Biophilic Design and You

Architects have a responsibility to not only create buildings that fulfill their functional purpose but also to craft spaces that enhance the well-being of their occupants. Biophilic design is a strategy that helps us achieve this goal by using the natural world as a core aspect of design.

Understanding Biophilic Design

The term 'biophilic design' was coined by biologist Edward O. Wilson in the 1980s, drawing from the Greek roots for 'life' and 'love.' The concept suggests that humans have an innate tendency to seek connections with nature and other forms of life. In architectural terms, biophilic design involves incorporating natural materials, natural light, vegetation, nature views, and other experiences of the natural world into the built environment.

Principles of Biophilic Design

The principles of biophilic design revolve around the inclusion of nature into architectural design. Here are some common elements:

Direct Connection to Nature: This involves incorporating elements like plants, water, and animals into the design. A direct connection could be as simple as including large, open windows that offer views of the surrounding environment, or as complex as integrating indoor gardens or water features.

Indirect Connection to Nature: This entails using nature-inspired patterns, colors, shapes, or materials in the design. For example, using wood and stone textures, incorporating naturalistic shapes, or using greens and browns could all provide an indirect connection.

Space and Place Conditions: These are features that mimic natural environments, like varied temperatures or air flow across a space.

Benefits of Biophilic Design

Numerous studies have demonstrated the significant benefits that biophilic design can bring. These include:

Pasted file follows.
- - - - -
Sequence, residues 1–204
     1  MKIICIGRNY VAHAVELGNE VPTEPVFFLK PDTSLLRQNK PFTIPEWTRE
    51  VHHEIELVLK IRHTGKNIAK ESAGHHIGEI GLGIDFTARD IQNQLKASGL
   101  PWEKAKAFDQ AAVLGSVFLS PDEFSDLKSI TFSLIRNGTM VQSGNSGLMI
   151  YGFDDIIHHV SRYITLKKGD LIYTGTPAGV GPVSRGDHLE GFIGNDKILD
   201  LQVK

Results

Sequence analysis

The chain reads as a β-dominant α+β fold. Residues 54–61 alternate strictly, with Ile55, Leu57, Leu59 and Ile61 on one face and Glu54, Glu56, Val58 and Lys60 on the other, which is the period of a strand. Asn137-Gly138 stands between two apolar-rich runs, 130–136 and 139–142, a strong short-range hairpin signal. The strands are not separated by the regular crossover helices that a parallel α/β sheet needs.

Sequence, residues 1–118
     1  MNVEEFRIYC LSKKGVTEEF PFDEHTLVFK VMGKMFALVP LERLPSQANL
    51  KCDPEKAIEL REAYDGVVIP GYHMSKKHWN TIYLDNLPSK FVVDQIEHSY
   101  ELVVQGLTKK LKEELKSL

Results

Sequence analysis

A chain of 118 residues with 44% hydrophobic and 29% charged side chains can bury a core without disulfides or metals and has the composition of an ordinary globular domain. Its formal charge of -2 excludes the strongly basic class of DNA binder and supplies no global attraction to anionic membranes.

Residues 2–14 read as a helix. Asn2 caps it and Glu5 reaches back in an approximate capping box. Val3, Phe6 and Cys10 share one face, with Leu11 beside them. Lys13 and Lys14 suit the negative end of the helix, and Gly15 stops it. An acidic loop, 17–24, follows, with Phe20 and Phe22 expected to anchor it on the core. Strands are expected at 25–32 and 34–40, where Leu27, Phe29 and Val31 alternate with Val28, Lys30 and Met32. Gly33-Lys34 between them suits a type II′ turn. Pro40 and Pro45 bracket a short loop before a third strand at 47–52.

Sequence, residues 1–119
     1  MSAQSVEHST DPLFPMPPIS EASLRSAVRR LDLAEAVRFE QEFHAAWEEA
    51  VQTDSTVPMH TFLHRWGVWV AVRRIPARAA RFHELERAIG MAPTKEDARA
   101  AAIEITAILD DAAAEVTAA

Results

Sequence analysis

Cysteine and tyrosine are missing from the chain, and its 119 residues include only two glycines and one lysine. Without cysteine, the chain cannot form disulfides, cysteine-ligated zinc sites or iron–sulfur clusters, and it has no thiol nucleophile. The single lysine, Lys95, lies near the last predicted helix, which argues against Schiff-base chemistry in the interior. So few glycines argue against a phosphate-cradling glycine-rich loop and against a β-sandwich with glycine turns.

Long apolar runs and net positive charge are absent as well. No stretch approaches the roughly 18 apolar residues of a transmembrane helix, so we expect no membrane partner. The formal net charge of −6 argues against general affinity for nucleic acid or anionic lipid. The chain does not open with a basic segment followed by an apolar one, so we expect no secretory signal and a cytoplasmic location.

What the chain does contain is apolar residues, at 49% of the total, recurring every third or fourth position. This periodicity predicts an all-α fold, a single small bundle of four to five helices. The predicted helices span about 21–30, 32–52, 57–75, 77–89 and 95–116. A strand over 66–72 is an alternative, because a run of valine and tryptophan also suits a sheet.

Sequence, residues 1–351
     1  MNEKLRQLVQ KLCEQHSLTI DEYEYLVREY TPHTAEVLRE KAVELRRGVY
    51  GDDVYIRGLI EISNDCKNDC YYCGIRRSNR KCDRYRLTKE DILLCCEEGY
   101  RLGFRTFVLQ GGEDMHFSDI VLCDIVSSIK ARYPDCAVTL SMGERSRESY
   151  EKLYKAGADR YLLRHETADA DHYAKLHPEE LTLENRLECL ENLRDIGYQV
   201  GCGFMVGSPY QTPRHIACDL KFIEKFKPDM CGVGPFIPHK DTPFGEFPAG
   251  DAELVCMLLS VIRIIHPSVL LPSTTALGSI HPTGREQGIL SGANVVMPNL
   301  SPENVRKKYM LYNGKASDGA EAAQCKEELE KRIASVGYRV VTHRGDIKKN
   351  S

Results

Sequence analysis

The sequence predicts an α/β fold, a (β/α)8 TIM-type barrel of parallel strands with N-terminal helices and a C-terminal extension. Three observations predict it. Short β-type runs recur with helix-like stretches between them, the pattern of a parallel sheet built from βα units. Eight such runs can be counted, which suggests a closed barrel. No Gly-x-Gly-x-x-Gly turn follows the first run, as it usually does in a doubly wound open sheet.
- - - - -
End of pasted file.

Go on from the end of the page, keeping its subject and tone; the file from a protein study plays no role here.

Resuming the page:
Improved Health: Interacting with nature can reduce stress, lower blood pressure, increase mood and concentration, and even speed up recovery from illness.

Increased Productivity: Studies show that offices incorporating biophilic elements can increase productivity by as much as 8% and rates of well-being by up to 13%.

Economic Value: Biophilic buildings tend to command higher rent and sale prices due to their increased appeal.

Inspiring Biophilic Architectural Projects

Architects around the world are embracing the biophilic approach and demonstrating its possibilities. For example, Singapore's Khoo Teck Puat Hospital is a prime example of biophilic design. The hospital features roof gardens, green walls, and abundant natural light, creating a healing environment for patients.


As architects, incorporating biophilic design into our projects can help us create buildings that are not only beautiful but also promote the well-being of their occupants. Whether through direct connections to nature or indirect allusions to the natural world, there's always a way to bring a touch of the outdoors into our designs. By doing so, you can foster more vibrant, healthier, and sustainable environments for people to live, work, and play.

If you want your customers to better understand what you’re designing, and systems like ChiefArchitect aren’t presenting them in the best way possible, reach out to Modelize. We’ll take the beautiful design you’re crafting and transform it into an interactive, 3D virtual environment for your customer to explore in full.

Interested? Feel free to contact us.